3 Consumer Mindsets That Every Developer Needs To Be Aware Of

Pricing tweaks to convert more buyers.

Free-to-play and freemium app design demands an effective conversion funnel to monetize users. Any designer or developer optimizing for higher conversions faces the challenge of convincing their most conservative potential buyers to purchase.

The generally accepted rule of thumb is that typical conversion rates hover under 5%, depending on the type of business and model you’re using. For freemium, it may be closer to 5%, and for free-to-play games it’s likely closer to 1-2%.

Every Single Conversion Counts

Every conversion counts with revenue models that encourage users to try a product or service out for free.

Three important consumer mindsets influence purchases. Each responds differently as they decide whether or not to spend their money. Slight adjustments to things like sales copy, store/checkout design, and pricing can materially improve your conversion rate if they’re conscious of these three mindsets.

This post aims to give you insights into the three buyer-types, and simple adjustments you might make to convert more customers overall.

It can’t hurt to leverage some academic research into social psychology to inform your approach to increasing conversions, right?

The Research: Three Buyer Mindsets

Scott Rick, a professor of marketing at the University of Michigan, has been studying consumer psychology for years at Carnegie Mellon University. He puts volunteers through spending scenarios and asks them about their subjective levels of pain and pleasure. He even conducts fMRIs of their brains while they’re purchasing.

He’s broken down consumer buying psychology into three types of mindsets.

  1. Tightwads – Spends less than they’d ideally like to spend.
  2. Unconflicted – Average buyer.
  3. Spendthrifts – Spends more than they’d ideally like to spend.

They’re distinguished by their relative levels of pain during the buying process. You goal is to reduce the paying pain people have while spending with you.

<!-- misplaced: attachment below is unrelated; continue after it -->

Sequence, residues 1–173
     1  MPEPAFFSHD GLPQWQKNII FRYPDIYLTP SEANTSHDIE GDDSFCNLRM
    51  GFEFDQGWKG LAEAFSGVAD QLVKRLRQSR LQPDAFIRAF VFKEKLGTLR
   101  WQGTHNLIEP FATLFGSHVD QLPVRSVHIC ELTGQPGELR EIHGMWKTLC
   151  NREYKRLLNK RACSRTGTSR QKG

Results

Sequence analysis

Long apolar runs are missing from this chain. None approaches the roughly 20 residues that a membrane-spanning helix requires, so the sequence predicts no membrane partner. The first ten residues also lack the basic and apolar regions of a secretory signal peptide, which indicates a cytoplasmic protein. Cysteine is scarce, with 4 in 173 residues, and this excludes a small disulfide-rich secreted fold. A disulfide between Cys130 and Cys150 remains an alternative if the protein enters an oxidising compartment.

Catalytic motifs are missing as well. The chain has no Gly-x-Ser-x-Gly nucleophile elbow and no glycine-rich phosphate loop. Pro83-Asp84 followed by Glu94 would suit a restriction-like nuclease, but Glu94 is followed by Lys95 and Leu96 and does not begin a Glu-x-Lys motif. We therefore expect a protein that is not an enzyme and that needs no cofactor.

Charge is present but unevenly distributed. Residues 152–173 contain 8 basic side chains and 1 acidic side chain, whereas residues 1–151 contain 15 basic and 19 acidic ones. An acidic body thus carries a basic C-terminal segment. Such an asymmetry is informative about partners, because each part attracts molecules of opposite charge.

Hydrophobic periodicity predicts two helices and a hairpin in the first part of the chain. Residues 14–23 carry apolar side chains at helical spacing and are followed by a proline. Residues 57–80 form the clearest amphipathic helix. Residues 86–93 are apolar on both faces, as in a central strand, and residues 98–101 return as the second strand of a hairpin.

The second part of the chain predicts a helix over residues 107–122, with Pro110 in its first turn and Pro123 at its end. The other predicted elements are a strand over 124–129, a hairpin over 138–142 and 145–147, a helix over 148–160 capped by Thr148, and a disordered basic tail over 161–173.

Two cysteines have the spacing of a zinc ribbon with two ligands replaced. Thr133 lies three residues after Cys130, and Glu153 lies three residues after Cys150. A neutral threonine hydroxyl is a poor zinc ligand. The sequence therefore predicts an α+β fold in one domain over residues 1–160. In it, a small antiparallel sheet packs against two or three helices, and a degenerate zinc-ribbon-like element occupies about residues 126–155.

Focus On Tightwads

Tightwads’ anticipatory pain of paying causes them to spend less, which means you’re best served by minimizing that perceived pain. Work done to improve Tightwad conversions should lead to less friction with all buyers, so we focus on them to get the most bang for our buck.

A few simple techniques can go a long way reducing a Tightwad’s perceived purchasing pains which will make it easier for them to spend with you.

1. Frame the value of your virtual goods thoughtfully.

Time and money are two crucial elements of assessing the value of a purchase. Conservative spenders are especially prone to hesitating if they’re not clear on the value of a purchase, so you want to make your pricing as clear and exciting as possible.

Example: You run a dating app in which $50 will buy a user 500 credits. If 5 credits buys me the ability to message a user, show me that this purchase costs only $.50/message.

It can also be useful to frame your value in terms of the lifetime value of your goods.

Example: Your game includes a $4.99 in-app purchase to upgrade my armor. As far as in-app purchases go, plenty of users will consider that expensive. They may rethink their hesitation when they find out it is a permanent upgrade. Or that their new armor can extend their average gameplay session by 200%.

2. Present buyers with bundled options.

All types of consumers universally prefer buying things in bundles as compared to purchasing smaller accessory components separately. This is especially true for Tightwads, who want to minimize the purchasing pain they experience on each transaction.

Reduce the overall number of purchases that a user is faced with. Reduce the number of decisions a person has to make before they buy.

Example: Car dealers package various upgrades into one premium package, removing the need for consumers to justify upgrade decisions on seat leather, sunroofs, navigations etc.

If a user can get value out of more than one purchase over the course of their experience with your app, you should consider packaging those purchase options into one bigger bundle.

Let your Tightwad users get everything out of the way with one transaction.

3. The little details really matter.

The words you use matter. In the CMU study mentioned above, changing just one word showed a significant affect on Thriftwads’ willingness to spend.

They asked groups if they’d be willing to pay for overnight delivery with:

  • “a $5 fee” or
  • “a small $5 fee”

They found that while “Spendthrifts are nearly five times more likely than Tightwads to pay the $5 fee, [they’re] almost equally likely to pay the “small” $5 fee”.

Are there design tweaks you can make to nudge buyers in the right direction?

Example: Do you offer add-ons or bundles for “$5 more”? How about saying “just $5 more” or “a little bit more” in your sales copy?

You can bump up your revenue by paying attention to word choice, nuance, and subtle design suggestions that influence conservative buyers.

What tactics do you use?

Do you plan for conservative buyers when you design your apps or virtual stores? What details do you pay the most attention to?



Image from tambako on Flickr. Special thanks to Lauren for her help drafting this.


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